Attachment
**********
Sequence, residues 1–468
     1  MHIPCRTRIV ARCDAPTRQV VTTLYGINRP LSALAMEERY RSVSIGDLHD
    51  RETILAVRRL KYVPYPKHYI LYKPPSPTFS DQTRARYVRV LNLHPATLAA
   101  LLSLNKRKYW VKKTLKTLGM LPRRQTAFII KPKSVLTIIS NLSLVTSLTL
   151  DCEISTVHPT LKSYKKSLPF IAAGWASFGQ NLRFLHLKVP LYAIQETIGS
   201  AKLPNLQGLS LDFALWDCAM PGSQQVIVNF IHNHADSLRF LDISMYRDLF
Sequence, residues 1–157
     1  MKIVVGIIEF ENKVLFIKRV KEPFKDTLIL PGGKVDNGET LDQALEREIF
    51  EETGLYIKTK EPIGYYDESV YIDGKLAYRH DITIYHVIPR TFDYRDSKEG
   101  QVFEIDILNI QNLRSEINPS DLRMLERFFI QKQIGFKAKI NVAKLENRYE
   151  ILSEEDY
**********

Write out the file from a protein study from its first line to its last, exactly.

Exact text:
Sequence, residues 1–468
     1  MHIPCRTRIV ARCDAPTRQV VTTLYGINRP LSALAMEERY RSVSIGDLHD
    51  RETILAVRRL KYVPYPKHYI LYKPPSPTFS DQTRARYVRV LNLHPATLAA
   101  LLSLNKRKYW VKKTLKTLGM LPRRQTAFII KPKSVLTIIS NLSLVTSLTL
   151  DCEISTVHPT LKSYKKSLPF IAAGWASFGQ NLRFLHLKVP LYAIQETIGS
   201  AKLPNLQGLS LDFALWDCAM PGSQQVIVNF IHNHADSLRF LDISMYRDLF
Sequence, residues 1–157
     1  MKIVVGIIEF ENKVLFIKRV KEPFKDTLIL PGGKVDNGET LDQALEREIF
    51  EETGLYIKTK EPIGYYDESV YIDGKLAYRH DITIYHVIPR TFDYRDSKEG
   101  QVFEIDILNI QNLRSEINPS DLRMLERFFI QKQIGFKAKI NVAKLENRYE
   151  ILSEEDY